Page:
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The General’s Son at the Bookshop

By Noga Tarnopolsky | The Media Line

April 5, 2016

The author and activist Miko Peled engaging with the public at the Educational Bookshop. (Noga Tarnopolsky/The Media Line)
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Miko Peled meets his tribe at an East Jerusalem cultural beacon

[Jerusalem] Like any other author might, Miko Peled sits at a table on the second floor—the café floor—of a pleasant café /bookshop with his computer and an empty cup of java.

His smartphone is encased in a shell that is the Palestinian flag upon which is written “Free Palestine.” A sticker covering his entire laptop reads “Free Palestine: End the Occupation.”

A tasteful gold chain around his neck holds a single charm: the word salaam, “peace” in Arabic, in an engraved golden medallion.

If you think his message is monothematic, you are right. Peled says “this is my issue. We all have to pick what we are going to do, and this is what I have chosen.”

“I was born here and this is my thing,” he repeats,” in a chat over coffee with The Media Line. “Many people tell me I am naïve or romantic, but so what? I think this is a problem that is solvable and will benefit everyone.” The problem he is referring to is the Israeli-Palestinian conflict. He is insistent. “This can be solved and it will improve the lives of Israelis and Palestinians. It is within close reach.”

Peled, 55 and fighting fit, a karate master and instructor for more than two decades in San Diego, where he has lived for 25 years, is in some ways an unlikely Palestinian freedom fighter.

Hosted by the Educational Bookshop on East Jerusalem’s commercial Salah a-Din Street, Peled, here to tell his story, is the son of a legendary Israeli general who fought in the 1948 and 1967 wars.

The idea behind hosting a writer “is to allow readers to really interact with writers,” the store’s co-owner, Mahmoud Muna, told The Media Line.

“Normally, when we hold a reading, no more than ten people get to ask the writer a question and it’s a short back and forth. The idea here is that a writer gives up half a day, and that readers can come in and chat with him, have a coffee, share a table. My only aim is for a conversation to ensue.”

That conversation did ensue, albeit among the likeminded. A few reporters dropped by to interview Peled and many of his visitors appeared to be old friends. The vast majority of his callers were foreign, neither Israeli nor Palestinian.

Midday midweek, Salah a-Din Street was sparsely populated. An artery leading northwards from Damascus Gate, the street has lost some of its custom and activity since the local wave of violence that started in October, 2015.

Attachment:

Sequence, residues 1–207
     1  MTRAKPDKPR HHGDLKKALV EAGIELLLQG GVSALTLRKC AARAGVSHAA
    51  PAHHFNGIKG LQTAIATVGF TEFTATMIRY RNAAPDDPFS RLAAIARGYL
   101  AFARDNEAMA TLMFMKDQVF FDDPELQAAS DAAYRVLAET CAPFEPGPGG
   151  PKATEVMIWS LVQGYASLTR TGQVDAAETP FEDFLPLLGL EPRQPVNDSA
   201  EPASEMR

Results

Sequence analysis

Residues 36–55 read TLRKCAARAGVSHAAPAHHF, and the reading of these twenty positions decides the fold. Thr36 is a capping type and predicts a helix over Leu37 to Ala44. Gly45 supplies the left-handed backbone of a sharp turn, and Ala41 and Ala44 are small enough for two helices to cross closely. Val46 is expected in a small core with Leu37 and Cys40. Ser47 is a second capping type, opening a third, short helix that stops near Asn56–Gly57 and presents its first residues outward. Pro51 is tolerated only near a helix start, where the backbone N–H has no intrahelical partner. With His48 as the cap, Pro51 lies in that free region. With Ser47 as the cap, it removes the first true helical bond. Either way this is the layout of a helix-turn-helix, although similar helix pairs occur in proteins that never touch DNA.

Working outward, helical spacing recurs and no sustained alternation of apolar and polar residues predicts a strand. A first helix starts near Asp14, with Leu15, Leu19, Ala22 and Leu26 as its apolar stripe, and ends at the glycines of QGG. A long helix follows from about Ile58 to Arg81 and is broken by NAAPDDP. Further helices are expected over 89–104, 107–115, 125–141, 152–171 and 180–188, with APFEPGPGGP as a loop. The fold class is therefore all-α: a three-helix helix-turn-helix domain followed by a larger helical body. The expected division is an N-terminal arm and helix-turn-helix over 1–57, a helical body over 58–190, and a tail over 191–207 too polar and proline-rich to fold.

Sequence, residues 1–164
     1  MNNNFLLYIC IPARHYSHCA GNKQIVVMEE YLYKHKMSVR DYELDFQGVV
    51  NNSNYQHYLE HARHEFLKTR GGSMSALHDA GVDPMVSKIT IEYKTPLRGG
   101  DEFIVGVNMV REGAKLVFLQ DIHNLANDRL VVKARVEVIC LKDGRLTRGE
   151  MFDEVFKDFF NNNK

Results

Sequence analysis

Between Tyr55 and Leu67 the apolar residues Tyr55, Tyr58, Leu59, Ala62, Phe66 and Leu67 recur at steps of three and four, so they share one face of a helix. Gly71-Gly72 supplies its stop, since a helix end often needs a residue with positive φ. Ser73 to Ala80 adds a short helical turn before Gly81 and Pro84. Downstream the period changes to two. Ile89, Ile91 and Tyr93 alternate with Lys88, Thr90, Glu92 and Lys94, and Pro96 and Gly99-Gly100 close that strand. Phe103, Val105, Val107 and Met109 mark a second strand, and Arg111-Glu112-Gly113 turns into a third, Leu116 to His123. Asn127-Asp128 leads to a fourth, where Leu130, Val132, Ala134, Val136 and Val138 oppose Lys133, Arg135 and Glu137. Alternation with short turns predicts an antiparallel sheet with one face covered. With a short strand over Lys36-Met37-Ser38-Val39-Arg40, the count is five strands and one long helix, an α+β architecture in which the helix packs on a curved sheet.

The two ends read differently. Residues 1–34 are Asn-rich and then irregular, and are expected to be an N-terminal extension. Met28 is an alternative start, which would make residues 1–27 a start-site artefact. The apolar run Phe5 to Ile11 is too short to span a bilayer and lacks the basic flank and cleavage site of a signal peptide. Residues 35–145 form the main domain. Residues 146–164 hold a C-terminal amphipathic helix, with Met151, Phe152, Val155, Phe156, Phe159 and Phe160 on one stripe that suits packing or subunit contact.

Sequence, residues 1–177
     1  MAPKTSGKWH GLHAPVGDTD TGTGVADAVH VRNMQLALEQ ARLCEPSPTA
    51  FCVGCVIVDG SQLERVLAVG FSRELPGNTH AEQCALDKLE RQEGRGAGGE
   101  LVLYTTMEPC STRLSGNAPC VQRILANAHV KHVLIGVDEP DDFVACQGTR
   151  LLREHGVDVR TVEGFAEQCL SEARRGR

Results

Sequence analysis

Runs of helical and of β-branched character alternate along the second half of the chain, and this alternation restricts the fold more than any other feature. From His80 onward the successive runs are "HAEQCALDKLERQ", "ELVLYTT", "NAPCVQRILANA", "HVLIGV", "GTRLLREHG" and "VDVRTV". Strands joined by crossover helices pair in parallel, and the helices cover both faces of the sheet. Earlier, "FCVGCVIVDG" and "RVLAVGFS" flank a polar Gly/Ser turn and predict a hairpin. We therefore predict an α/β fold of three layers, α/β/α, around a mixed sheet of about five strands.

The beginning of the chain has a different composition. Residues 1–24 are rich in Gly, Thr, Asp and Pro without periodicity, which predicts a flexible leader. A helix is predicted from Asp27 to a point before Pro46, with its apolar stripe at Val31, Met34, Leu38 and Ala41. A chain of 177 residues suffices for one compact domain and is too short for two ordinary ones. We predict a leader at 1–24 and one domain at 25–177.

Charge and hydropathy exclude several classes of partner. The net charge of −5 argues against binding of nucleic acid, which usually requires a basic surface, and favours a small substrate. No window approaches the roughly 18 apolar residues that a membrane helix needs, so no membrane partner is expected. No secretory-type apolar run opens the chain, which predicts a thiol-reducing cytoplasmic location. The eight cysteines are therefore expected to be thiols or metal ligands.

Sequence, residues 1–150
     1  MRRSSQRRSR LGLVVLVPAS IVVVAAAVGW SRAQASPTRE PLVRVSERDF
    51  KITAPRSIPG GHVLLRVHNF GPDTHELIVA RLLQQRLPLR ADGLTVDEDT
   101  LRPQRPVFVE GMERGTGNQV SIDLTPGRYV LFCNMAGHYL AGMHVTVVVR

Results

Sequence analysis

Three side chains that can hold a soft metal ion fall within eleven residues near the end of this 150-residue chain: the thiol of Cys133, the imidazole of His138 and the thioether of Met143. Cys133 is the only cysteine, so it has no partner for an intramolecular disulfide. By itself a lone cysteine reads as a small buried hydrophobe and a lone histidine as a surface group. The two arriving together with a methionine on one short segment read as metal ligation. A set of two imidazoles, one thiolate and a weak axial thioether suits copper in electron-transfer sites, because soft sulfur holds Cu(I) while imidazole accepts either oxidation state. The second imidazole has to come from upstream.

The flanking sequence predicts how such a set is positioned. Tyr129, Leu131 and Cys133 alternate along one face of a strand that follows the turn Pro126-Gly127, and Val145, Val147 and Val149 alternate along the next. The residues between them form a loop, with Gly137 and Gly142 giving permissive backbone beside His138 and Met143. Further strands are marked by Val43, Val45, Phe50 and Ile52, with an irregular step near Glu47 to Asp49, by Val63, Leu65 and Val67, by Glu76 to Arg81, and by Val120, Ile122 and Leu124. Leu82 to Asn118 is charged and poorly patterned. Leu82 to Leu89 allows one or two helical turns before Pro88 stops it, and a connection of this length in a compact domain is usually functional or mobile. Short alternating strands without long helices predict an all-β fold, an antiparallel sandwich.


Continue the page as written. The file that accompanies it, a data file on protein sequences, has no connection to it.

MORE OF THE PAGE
Tomes for sale at the Educational Bookshop

Tomes for sale at the Educational Bookshop (Noga Tarnopolsky/The Media Line)

Peled is no stranger to violence. Before renouncing his affiliation with the Jewish State he served in an élite unit of the Israeli army. In 1997, when he was already living in San Diego, his 14-year-old niece Smadar Elhanan, daughter of his sister Nurit Peled-Elhanan, was killed along with two other girls in a Jerusalem suicide attack.

At her funeral, according to his book, “The General’s Son: The Journey of an Israeli in Palestine,” about to be issued in a second edition, the then-newly elected opposition leader Ehud Barak justified his hawkish electoral campaign “in order to win votes he must disguise his real intentions as a ‘peacemaker.’”

Peled replied, “Why not tell the truth … That this and similar tragedies are taking place because we are occupying another nation and that in order to save lives, the right thing to do is to end the occupation and negotiate a just peace with our Palestinian partners?”

Peled is less of a renegade than it may initially appear. His father also rebelled. After the Israeli cabinet ignored Gen (ret.) Matti Peled’s investigation of alleged 1967 Israeli war crimes, the latter transformed himself into a peace activist and leading proponent of Israeli dialogue with the then-outlawed PLO.

Peled senior condemned Israel’s seizure of the West Bank, Gaza, Sinai and the Golan Heights in 1967, calling the war a “cynical campaign of territorial expansion”.

Among Palestinians, many of whom profess a love/hate relationship with him, Matti Peled is still sometimes referred to as “Abu Salam” (Father of Peace.)

“This entire bookstore is an act of resistance,” the younger Peled said, looking around and chatting in easy Arabic with one of the owners. “Because East Jerusalem is the cultural and political capital of Palestine, there is a very strong Israeli push to ‘de-Palestininize’ it.”

He describes himself as “anti Zionist, pro justice and pro democracy.

By getting his message out he hopes to “herald a transformation that will bring about the end of Zionist rule over Palestine and replace it with a pluralistic democracy and equal rights, which will inevitably remedy the long-term injustice to the Palestinian people, 70 years of racist policy.”

All Israeli Jews, he says, are “colonizers and settlers, not immigrants.” Certainly not natives. “We are the children of the colonizers and we are a brutal, racist régime.”

What is his nationality, The Media Line asked. “Russian,” Peled replied. So why not live in Russia? “I don’t have a home in Russia,” he said.

The owner of the coffee shop called up to Peled to say that a woman who wanted to meet him had difficulty climbing the stairs to the first floor. Would he be willing to come down?

Yes, he was. And off he went.

 

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